An Effective Tutoring Technique for Children With Learning Disorders
O-G Approach is based on individual students’ needs, they should all share the following fundamental features:
Students are taught reading skills by combining input from more than one sense modality at the same time, using a technique that typically involves the auditory, visual and tactile-kinesthetic modalities. When methods of teaching involve more than one pathway to the brain, children are more likely to stay engaged, retain information, and have a better memory of the skill than if just one pathway were applied. As we know, there is no one-size-fits-all approach when it comes to teaching students to read—nor to help them thrive in other subjects down the road—but by using all their senses, children are able to figure out the learning style with which they are most comfortable. For instance, seeing a word on paper may not resonate with a student, but the same individual might build an easier, deeper connection via active, tactile techniques such as using their finger to write out a word in the air while saying it aloud, tapping out the sounds, or taking part in a shared reading session.
Sequential and Cumulative
Instructors using the O-G Approach teach skills in a structured order based on an understanding of the structure of language. Students start by learning to identify sounds in words and building the connection to the letters that make those sounds; after that, it’s time to connect what they’ve learned to put together syllables, words, and so on, with the beginning of a lesson signifying a mastery of previously taught skills. If there is any confusion, the educator will reteach a skill to ensure full comprehension before moving on to the next in the sequence. With each new skill, the preceding concepts are incorporated and reviewed to further connect and reinforce learning.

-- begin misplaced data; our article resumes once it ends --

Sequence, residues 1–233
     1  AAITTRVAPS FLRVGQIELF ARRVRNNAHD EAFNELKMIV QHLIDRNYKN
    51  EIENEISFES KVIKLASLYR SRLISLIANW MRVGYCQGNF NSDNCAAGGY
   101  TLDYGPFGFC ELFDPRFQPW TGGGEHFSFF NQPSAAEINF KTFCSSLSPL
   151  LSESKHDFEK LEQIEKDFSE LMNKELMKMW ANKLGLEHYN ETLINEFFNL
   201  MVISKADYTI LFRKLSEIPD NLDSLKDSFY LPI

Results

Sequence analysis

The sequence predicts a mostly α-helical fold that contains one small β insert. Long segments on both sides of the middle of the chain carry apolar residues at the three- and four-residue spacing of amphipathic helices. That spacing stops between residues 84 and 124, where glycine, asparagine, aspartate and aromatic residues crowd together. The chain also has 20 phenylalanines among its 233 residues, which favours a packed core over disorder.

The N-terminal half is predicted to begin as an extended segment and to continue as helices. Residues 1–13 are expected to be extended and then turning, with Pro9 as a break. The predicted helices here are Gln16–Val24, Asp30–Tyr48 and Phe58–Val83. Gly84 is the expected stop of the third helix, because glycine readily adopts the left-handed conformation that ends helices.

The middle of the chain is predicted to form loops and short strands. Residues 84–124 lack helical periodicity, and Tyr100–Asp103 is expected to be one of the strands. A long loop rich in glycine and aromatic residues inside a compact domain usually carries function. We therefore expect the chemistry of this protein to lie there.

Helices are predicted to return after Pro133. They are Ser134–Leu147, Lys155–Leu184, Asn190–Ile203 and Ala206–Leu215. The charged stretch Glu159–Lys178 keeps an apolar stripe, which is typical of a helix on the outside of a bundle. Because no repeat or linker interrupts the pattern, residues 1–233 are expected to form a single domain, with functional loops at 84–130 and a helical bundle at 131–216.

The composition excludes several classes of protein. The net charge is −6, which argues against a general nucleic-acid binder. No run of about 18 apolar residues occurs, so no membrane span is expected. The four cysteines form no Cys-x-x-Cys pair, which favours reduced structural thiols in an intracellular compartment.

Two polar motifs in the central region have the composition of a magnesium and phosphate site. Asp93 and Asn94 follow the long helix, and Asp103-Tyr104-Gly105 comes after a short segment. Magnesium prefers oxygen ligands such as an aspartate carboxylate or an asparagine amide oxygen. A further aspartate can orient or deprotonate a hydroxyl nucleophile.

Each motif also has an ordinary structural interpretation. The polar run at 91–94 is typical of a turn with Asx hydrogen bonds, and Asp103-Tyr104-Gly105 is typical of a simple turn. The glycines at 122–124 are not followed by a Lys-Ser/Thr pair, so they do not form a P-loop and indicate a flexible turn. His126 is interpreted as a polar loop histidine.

Direct and Explicit
Critical to the O-G Approach is the need for direct, explicit instruction that will yield an understanding of not only what students are learning, but why. While some learners may succeed without understanding the connection between letters and sounds, a piece-by-piece breakdown of these phonics concepts can make a world of difference for the majority of students—and particularly for those who struggle. As Teacher magazine phrased it, “Systematic, explicit phonics instruction helps children to make the neurological connections between the areas of the brain that are devoted to visual (writing), phonological (sound), and semantic (meaning) processing.”
Prescriptive and Diagnostic
Student performance is closely monitored each step of the way to determine areas of both concern and progress. After careful analysis, the next lesson is designed to resolve any issues that still need improving, as well as to incorporate ideas or activities that address the student’s examined strengths.